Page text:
Victims of construction site accidents sometimes have grounds to file an injury claim to collect damages, compensating them for the consequences of the accident. However, victims must file these claims within a legal timeframe called a “statute of limitations.” To ensure you file within the statute of limitations for your work injury, connect with a New York construction accident lawyer from The Weinstein Law Group as soon as possible following an incident.

statute of limitations construction

What is the statute of limitations for New York construction accidents?

In many construction accident cases, a three-year statute of limitations applies. New York State follows this deadline for personal injuries resulting from another party’s negligence, slip-and-fall events, motor-vehicle accidents (which could occur with construction vehicles), and product liability cases. For example, a malfunctioning power tool might have led to your injury. The legal deadline shrinks to two years for cases of wrongful death. If your loved one dies because of someone else’s wrongful conduct at a construction site, you may collect damages for your losses to your family’s financial and emotional well-being. This typically includes related medical costs, loss of income and contribution to household duties, loss of affection and relationship, and emotional pain and suffering.

Are there exceptions to the three-year legal deadline?

Some cases, such as those stemming from construction defects, warrant extensions to that three-year deadline. For example, if you live or work in a space with inferior or toxic materials, you may develop a related condition over time. In other instances, the inferior materials may take time to corrode and cause injury. The clock may only start ticking on that three-year deadline once you become aware of your condition.  Examples of construction defects leading to illness or injury include: 

  • Inferior workmanship
  • Poor design or civil or structural engineering
  • Improper environment analysis or preparation
  • Use of inferior materials
  • Negligent construction or malpractice

 The New York construction accident attorneys at The Weinstein Law Group understand the nuances of construction law statutes of limitations. By connecting with us promptly after your accident or condition onset, you give us time to navigate these complexities and work to ensure your case is heard.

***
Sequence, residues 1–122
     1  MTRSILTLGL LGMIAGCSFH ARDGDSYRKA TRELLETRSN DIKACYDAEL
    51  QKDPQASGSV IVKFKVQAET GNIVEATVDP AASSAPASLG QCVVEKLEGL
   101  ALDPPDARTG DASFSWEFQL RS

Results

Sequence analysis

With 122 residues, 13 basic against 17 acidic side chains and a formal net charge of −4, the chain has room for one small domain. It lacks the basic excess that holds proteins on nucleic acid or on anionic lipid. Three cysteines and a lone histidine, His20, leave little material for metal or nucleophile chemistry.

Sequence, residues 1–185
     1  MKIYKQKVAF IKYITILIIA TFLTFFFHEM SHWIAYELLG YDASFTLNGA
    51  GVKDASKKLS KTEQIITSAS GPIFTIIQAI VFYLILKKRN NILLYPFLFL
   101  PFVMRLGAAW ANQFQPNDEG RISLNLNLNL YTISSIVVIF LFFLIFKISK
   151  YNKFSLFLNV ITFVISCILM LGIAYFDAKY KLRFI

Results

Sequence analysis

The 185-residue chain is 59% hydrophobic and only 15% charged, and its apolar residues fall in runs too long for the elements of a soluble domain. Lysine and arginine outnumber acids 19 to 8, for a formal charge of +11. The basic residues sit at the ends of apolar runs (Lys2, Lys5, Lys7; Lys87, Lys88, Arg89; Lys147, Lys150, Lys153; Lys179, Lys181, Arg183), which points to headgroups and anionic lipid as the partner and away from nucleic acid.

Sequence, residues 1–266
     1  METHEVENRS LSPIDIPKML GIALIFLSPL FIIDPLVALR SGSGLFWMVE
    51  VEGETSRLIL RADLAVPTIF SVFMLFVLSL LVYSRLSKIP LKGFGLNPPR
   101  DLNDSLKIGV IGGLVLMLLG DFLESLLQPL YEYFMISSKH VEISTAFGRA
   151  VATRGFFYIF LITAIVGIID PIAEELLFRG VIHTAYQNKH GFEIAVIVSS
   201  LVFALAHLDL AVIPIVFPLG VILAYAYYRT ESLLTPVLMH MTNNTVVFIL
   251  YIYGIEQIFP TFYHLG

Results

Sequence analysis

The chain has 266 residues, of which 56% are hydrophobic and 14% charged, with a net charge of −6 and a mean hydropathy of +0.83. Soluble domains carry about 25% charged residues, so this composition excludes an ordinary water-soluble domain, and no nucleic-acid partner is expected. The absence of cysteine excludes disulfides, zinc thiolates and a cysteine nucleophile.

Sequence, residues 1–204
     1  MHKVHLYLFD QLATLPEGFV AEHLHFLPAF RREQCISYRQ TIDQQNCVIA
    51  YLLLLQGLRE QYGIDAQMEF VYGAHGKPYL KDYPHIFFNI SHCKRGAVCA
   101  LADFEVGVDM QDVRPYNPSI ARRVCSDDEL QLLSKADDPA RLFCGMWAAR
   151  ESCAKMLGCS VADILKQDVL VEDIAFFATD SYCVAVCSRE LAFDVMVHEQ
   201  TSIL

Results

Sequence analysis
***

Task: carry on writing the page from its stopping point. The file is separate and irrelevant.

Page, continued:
What is the statute of repose vs. statute of limitations in construction?

A statute of limitations limits how long a victim has to file a claim. However, that deadline can undergo extensions depending on the situation’s circumstances, as stated earlier. You should understand the differences between the statute of limitations and the statute of repose.  A statute of repose does not include that extension. This means the timer starts ticking from the date of construction completion. For example, third parties would likely be protected from legal action if your injury, caused by a construction defect, occurred four years after completion.  New York is one of only two states that does not have a statute of repose, despite efforts from affected parties to impose one. Third parties, such as contractors or design professionals, can face lawsuits for unlimited years.

What is the statute of limitations for filing for workers’ compensation?

If you seek workers’ compensation for a construction accident injury, you must report your injury to your employer within 30 days. You must file a claim with the Workers’ Compensation Board (WBC) within a two-year statute of limitations, but it is best to do so earlier. This filing allows you to track your case and request a hearing to resolve potential disputes. 

Let us help

You should not be left facing the bills when someone else’s construction site negligence causes you harm. By calling (212) 741-3800 or sending an electronic message, you can easily connect with a knowledgeable New York construction accident lawyer from The Weinstein Law Group for a free case consultation. We’re on your side and will fight tirelessly to uphold your rights.